> >What does it mean that the core RDF specifications define a class?  What
> >does it mean for a thing to be described by RDF?
> 
> I really have no idea what you are getting at here.  Is there some more 
> specific way you can make this comment?

Concepts states that 
	Vocabulary terms in the rdf: namespace are defined in section 5.1
	of the RDF syntax specification.
but you include several terms form the rdf: namespace in your list.

> >Section 3:
> >
> >The RDF semantic does not support the inference that properties with no
> >rdfs:range or no rdfs:domain have a range or domain of rdfs:Resource.  In
> >any case, this would be a non-monotonic inference as stated.
> 
> Are you referring to, in 3.1
> 
> [[In this specification, where no rdfs:range is specified for a property,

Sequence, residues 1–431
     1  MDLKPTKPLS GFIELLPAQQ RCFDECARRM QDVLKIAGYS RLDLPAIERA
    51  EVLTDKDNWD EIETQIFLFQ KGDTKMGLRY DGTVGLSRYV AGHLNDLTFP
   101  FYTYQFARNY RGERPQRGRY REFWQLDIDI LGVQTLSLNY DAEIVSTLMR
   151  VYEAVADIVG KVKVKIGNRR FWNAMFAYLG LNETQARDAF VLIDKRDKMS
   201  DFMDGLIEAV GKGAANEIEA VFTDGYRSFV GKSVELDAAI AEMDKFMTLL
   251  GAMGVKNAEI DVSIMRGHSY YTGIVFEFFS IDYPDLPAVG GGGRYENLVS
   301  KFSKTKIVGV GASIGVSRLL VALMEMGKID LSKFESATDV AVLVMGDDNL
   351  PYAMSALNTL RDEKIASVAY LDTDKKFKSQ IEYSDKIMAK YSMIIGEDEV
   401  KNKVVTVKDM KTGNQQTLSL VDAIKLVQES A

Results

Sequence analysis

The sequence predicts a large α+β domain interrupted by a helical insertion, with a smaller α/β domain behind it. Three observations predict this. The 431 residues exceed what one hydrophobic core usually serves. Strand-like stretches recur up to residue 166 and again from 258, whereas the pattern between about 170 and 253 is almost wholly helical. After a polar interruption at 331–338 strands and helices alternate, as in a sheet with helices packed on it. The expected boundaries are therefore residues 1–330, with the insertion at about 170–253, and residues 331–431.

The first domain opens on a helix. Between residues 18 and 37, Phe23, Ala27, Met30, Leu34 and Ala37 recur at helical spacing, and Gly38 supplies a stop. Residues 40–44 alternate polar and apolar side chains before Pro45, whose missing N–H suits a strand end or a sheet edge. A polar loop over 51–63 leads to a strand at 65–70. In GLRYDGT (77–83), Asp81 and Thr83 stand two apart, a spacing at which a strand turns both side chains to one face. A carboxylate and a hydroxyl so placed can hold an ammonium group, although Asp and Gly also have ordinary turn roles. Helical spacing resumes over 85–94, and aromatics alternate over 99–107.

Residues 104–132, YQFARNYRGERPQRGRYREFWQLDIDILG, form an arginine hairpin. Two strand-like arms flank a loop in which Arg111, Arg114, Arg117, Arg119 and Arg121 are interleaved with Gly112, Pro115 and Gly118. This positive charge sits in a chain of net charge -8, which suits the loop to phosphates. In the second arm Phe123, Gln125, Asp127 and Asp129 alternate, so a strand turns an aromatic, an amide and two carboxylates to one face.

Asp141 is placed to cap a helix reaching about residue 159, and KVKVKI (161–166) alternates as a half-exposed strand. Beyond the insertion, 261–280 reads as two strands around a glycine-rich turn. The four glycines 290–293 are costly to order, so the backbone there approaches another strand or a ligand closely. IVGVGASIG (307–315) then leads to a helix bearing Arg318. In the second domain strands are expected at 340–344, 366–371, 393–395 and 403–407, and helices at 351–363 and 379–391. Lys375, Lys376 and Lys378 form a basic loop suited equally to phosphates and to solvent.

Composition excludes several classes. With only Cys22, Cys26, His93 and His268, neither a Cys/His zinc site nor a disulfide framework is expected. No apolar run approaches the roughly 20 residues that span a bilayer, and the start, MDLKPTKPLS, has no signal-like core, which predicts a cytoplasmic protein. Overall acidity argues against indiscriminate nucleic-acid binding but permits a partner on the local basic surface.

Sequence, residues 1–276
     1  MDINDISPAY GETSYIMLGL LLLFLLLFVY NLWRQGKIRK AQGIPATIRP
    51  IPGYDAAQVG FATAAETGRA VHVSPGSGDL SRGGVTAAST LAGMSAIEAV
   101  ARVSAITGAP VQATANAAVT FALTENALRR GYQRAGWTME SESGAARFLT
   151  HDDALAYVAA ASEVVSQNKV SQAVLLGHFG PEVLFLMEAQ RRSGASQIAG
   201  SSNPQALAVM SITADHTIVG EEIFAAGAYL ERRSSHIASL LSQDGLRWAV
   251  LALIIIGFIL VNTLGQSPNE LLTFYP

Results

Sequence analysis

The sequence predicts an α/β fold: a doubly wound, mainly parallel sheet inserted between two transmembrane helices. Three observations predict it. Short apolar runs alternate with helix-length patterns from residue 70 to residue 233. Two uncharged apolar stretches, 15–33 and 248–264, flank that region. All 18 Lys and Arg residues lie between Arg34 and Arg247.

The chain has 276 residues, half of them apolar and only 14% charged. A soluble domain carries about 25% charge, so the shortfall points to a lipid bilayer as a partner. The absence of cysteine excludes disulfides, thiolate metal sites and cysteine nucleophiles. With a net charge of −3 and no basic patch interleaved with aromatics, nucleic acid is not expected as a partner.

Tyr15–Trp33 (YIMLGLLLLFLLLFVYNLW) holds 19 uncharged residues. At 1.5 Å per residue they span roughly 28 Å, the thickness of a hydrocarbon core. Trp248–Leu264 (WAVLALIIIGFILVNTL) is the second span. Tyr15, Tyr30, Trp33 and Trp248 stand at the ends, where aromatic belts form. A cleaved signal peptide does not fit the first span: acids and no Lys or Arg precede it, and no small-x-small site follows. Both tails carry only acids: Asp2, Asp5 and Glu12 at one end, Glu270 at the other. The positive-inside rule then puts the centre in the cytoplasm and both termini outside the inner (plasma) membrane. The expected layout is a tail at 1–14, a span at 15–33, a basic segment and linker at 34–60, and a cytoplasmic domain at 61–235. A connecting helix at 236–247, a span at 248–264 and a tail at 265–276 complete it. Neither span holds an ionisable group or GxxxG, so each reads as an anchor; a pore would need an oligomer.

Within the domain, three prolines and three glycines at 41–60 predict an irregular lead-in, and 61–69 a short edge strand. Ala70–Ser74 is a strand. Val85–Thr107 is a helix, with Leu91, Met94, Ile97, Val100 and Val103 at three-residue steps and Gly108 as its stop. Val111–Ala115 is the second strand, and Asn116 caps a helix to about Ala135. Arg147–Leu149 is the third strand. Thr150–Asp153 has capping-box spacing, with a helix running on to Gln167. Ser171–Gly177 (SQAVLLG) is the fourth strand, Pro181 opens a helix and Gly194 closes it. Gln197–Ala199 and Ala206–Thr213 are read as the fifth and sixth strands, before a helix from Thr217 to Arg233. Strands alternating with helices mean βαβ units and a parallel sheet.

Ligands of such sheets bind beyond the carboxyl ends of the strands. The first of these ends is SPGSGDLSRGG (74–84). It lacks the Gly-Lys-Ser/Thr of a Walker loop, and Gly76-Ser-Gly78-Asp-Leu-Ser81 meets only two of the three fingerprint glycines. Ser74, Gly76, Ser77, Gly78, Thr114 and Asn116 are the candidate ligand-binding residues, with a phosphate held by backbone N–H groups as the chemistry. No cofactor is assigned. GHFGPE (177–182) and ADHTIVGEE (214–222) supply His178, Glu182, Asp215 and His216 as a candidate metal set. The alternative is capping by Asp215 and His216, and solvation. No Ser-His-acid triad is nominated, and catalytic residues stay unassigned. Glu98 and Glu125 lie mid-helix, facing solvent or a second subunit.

> the rdfs:range of that property is rdfs:Resource.]]
> 
> and in 3.2
> 
> [[In this specification, where no rdfs:domain is specified for a property, 
> the rdfs:domain of that property is rdfs:Resource.]]
> 
> This was an editorial judgement.  The intent here is that, in the interests 
> of brevity, the text omitted statements that the domain and range of 
> properties were rdf:Resource.  The summary table however, and the rdf/xml 
> representation of the schema has these in full.
> 
> No inference is stated or implied.

How can you say this?  If no rdfs:domain is specified for a property, then
there is *no* rdfs:domain for that property.  To say otherwise is just
incorrect!
> 
> However, if this is not clear, it would be possible, though tedious, to go 
> back and add in the text.
> Are you sure this is necessary?

Yes, YES ***YES***!

> >It is misleading to impute any semantics to rdfs:label, rdfs:comment, etc.